You could choose to laze on your day bed, snorkel in the lagoon, jet ski to a private island or have a candlelit dinner for two on a private island, under the stars. Wrap up the day with a two-hour ritual at the spa, which includes soaking in a milk bath, or by dining at a private beach with the lagoon lapping at your feet.
“Likuliku is one of a handful of true luxury Adults Only resorts, and we sit in a much sought-after niche,” says Samantha Muspratt, director of sales and marketing of Ahura Resorts Fiji, the management company of the resort, which opened in 2007. “Over the past few years, we are seeing existing resorts doing renovations and additions to their product offering to include Adults Only areas; they have seen the demand and potential for it.” Likuliku was an Adults Only resort from the planning stage itself. “The benefits of the Adults Only concept are: Privacy, intimacy, serenity, relaxation, romance, and solitude,” adds Muspratt.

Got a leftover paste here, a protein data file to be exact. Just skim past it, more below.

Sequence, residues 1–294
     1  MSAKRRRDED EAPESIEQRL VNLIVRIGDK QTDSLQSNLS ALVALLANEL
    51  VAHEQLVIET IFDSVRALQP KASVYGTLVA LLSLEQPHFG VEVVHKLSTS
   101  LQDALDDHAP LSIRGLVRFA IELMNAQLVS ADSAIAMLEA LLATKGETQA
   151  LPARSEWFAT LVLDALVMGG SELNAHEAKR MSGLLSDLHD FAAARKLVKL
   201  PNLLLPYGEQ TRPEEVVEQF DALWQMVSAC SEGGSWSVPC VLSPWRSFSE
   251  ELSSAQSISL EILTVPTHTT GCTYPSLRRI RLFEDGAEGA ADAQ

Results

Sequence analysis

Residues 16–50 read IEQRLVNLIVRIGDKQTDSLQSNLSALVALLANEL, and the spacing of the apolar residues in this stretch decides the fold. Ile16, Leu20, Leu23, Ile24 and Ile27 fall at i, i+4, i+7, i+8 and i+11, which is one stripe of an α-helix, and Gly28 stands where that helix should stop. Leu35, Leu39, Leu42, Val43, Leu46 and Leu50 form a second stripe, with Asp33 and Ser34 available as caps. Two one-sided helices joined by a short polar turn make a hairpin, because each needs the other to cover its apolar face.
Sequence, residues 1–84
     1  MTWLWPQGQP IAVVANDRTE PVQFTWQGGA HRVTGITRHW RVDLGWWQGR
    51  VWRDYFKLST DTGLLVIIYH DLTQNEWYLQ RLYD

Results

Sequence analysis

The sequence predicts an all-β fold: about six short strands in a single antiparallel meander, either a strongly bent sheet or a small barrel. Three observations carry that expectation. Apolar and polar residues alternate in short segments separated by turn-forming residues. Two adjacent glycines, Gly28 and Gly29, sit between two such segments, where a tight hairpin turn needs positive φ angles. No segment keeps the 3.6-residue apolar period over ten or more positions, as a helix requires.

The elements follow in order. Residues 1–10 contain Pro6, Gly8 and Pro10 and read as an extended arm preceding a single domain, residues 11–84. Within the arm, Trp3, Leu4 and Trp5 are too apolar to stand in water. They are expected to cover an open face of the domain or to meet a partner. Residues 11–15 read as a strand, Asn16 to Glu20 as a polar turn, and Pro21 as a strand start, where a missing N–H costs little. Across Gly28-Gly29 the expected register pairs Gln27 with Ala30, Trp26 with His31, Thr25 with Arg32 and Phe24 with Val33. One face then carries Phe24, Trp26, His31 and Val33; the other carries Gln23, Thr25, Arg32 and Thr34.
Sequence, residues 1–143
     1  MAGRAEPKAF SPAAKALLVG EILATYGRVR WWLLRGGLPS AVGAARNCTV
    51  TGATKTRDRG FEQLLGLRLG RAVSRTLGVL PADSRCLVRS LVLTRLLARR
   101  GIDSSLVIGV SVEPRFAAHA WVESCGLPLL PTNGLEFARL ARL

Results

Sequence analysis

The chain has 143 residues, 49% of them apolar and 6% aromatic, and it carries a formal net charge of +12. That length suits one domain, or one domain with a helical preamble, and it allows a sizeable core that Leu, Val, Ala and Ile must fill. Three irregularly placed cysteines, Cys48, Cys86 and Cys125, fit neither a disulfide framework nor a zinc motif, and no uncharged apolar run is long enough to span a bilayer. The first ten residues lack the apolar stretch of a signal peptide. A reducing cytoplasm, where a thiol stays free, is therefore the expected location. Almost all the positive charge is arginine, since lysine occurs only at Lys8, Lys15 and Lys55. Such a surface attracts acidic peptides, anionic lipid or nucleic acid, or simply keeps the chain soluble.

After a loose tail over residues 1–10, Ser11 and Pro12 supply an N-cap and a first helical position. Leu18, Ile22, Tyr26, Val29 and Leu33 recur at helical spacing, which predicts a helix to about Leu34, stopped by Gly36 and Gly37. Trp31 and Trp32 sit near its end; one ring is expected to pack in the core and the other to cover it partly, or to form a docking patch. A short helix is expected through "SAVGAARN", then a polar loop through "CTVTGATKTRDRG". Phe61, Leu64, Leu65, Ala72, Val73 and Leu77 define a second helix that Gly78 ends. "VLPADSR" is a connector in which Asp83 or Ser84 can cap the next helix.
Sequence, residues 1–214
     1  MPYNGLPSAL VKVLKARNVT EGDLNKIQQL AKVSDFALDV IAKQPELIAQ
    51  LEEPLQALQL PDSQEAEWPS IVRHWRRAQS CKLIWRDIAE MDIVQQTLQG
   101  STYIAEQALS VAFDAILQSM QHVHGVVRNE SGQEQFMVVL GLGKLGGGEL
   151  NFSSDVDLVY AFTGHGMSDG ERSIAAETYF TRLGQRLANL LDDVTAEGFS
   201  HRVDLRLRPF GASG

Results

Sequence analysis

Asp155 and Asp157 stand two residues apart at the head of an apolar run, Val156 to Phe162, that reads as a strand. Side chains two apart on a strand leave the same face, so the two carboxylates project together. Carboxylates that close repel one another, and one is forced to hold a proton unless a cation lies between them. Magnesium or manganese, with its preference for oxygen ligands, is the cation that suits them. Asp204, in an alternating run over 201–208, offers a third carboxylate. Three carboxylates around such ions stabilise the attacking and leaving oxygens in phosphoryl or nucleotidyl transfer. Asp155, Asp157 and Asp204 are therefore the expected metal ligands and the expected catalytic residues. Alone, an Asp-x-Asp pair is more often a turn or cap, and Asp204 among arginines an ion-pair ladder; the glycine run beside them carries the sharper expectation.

The Tokoriki Island Resort started life as a family resort
The lyrically named Matamanoa Island Resort is a one-island getaway among the Mamanuca Islands, with its small size making it an ideal Adults Only boutique luxury setting. Its biggest draw is the alluring hilltop spa where you may well feel that you are afloat amid the clouds. You could opt for a Sunrise Massage at the crack of dawn on the spa’s topmost level, or the Sunset Massage on the level below when the last rays of the sun streak the sky, or even the Under the Stars rub-down under a star-spangled sky.